#4: Describe a time you went above and beyond
Keep in mind that leadership can be exhibited in something as simple as spotting a problem at work and finding a solution. Employers will appreciate any time that you went above and beyond the basic requirements of your job. You don’t have to have served as a project manager to describe a time that you were a leader. If you found a way to make workflow more efficient, better execute a task, or help new members of the team, employers will love to hear these examples of leadership.
#5: Mention statistics
There is no better way to exemplify your leadership skills than to mention statistics or other quantifiable outputs. Statistics give you the ability to clearly show how your leadership skills have had a direct impact on a business.
Suppose you were in charge of boosting retention rates on a consumer application. You could talk about how your leadership led to a specific percentage-point increase in retention over a given time frame.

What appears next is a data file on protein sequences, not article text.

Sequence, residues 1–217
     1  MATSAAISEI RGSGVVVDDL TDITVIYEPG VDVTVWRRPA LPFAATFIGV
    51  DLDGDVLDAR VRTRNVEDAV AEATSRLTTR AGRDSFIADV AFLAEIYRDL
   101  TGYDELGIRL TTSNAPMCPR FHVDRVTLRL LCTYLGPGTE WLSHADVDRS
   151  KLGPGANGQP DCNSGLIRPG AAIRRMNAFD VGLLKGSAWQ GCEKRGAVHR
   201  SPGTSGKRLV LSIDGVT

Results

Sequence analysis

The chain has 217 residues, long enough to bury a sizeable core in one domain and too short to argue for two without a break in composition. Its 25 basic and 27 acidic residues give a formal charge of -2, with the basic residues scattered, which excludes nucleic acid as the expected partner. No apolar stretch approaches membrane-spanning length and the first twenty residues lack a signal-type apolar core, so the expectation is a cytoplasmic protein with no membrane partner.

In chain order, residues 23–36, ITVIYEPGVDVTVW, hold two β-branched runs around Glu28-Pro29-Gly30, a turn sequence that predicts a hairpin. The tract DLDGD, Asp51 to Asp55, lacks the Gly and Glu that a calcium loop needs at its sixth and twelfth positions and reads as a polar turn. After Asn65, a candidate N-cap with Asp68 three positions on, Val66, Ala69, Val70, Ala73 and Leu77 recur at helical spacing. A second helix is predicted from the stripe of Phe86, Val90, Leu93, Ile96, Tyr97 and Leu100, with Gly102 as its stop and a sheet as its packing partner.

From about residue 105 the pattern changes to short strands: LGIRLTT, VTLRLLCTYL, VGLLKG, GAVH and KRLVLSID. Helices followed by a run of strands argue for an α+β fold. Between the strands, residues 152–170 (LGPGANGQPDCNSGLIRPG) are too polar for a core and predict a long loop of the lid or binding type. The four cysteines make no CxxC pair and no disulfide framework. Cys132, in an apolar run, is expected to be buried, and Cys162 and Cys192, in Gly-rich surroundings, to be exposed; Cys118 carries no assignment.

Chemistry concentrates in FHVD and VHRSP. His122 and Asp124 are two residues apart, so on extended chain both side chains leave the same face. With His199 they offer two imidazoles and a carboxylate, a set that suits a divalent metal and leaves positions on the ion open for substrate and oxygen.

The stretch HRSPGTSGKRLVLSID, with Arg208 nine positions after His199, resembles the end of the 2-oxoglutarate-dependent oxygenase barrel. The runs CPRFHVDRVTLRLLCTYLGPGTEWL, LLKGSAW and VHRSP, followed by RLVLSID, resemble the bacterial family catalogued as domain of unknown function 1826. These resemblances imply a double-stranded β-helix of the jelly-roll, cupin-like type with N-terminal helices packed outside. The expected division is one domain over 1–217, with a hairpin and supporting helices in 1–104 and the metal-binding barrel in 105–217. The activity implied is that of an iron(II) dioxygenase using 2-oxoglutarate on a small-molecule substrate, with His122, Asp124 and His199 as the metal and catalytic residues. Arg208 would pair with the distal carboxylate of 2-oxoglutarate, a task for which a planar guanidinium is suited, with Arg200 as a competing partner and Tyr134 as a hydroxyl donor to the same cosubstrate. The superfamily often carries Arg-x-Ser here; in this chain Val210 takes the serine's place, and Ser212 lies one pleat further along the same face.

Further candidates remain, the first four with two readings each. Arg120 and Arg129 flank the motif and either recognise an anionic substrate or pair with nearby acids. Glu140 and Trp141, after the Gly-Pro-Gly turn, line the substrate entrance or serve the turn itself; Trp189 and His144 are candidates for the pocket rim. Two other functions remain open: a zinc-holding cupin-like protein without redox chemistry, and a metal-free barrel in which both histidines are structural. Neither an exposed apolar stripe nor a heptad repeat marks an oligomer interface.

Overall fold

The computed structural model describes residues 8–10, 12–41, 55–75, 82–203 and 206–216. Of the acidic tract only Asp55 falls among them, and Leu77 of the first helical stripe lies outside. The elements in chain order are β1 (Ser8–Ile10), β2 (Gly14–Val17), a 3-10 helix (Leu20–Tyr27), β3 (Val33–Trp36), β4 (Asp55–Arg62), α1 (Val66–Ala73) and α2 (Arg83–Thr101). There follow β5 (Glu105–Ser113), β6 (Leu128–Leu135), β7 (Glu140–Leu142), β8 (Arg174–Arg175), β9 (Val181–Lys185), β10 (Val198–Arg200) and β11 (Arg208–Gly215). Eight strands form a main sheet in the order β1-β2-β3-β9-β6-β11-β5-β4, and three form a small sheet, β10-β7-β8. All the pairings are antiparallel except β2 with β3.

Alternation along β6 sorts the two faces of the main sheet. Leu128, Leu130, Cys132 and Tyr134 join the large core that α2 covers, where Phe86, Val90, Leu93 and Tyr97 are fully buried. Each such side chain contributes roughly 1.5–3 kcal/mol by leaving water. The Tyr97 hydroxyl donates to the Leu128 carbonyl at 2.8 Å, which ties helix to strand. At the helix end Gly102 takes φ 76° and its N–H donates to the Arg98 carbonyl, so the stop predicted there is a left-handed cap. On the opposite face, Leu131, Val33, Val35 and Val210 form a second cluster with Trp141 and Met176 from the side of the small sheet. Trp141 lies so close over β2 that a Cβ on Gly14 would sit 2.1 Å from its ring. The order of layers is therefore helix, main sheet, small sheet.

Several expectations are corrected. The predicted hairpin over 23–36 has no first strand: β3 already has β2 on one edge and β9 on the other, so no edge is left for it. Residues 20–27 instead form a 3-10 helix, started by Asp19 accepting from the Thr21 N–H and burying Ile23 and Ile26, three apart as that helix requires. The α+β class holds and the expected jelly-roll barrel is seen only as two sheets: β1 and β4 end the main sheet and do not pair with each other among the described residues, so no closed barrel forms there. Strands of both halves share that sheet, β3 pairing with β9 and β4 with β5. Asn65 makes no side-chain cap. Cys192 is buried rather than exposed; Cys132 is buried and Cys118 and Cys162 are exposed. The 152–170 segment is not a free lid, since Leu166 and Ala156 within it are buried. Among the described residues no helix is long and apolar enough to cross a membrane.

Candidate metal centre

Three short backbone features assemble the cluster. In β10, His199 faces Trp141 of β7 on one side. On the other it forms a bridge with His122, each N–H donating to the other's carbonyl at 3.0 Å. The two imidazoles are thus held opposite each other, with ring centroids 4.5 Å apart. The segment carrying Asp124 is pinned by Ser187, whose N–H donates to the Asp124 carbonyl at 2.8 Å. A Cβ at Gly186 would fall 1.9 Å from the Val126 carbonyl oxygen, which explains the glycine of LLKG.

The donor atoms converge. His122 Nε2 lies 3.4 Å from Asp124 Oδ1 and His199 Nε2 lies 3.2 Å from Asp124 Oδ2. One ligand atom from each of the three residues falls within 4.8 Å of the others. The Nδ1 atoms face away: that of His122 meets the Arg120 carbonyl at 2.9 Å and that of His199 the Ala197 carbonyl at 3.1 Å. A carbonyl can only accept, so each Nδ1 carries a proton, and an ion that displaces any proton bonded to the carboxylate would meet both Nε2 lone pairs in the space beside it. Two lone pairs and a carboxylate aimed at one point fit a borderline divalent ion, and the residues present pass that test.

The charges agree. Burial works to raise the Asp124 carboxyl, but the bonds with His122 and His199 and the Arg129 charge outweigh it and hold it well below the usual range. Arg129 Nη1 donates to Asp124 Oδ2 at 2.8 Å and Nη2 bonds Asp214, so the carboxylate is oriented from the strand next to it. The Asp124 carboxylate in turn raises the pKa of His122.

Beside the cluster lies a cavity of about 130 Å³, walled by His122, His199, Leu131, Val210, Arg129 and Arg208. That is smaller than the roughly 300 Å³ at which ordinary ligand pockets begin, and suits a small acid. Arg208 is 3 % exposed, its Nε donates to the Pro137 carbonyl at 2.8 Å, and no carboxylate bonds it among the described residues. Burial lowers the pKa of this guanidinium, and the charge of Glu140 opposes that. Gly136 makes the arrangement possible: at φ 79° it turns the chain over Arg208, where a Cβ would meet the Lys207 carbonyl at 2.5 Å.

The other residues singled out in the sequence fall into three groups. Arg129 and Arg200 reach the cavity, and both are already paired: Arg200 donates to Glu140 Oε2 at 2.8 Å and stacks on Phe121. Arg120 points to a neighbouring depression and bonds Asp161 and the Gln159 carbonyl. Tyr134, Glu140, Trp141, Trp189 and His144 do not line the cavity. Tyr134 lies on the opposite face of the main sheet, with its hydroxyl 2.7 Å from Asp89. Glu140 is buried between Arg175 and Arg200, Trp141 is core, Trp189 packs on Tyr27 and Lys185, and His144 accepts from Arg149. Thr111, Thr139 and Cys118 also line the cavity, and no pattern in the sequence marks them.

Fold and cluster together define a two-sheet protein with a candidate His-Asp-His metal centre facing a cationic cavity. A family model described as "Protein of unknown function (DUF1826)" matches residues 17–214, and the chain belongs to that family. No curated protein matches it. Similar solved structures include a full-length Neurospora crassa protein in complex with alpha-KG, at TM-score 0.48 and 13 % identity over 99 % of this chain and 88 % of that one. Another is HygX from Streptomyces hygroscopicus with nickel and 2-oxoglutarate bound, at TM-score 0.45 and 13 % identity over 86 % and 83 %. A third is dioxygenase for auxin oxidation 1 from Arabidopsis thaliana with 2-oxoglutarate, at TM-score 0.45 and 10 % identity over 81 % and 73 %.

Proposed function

Examples of Leadership Experience in a Job Interview
Describing your leadership roles can be difficult, especially if you are applying for your first job that involves managing people. To help you discuss your leadership experience, we have prepared a few sample answers you can use to prepare for your interview.
“In my last job, I was a marketing associate for a consumer company. After noticing poor performance on one of our social media marketing campaigns, I was asked to help coordinate the creation of a new social media campaign.
"Career Karma entered my life when I needed it most and quickly helped me match with a bootcamp. Two months after graduating, I found my dream job that aligned with my values and goals in life!"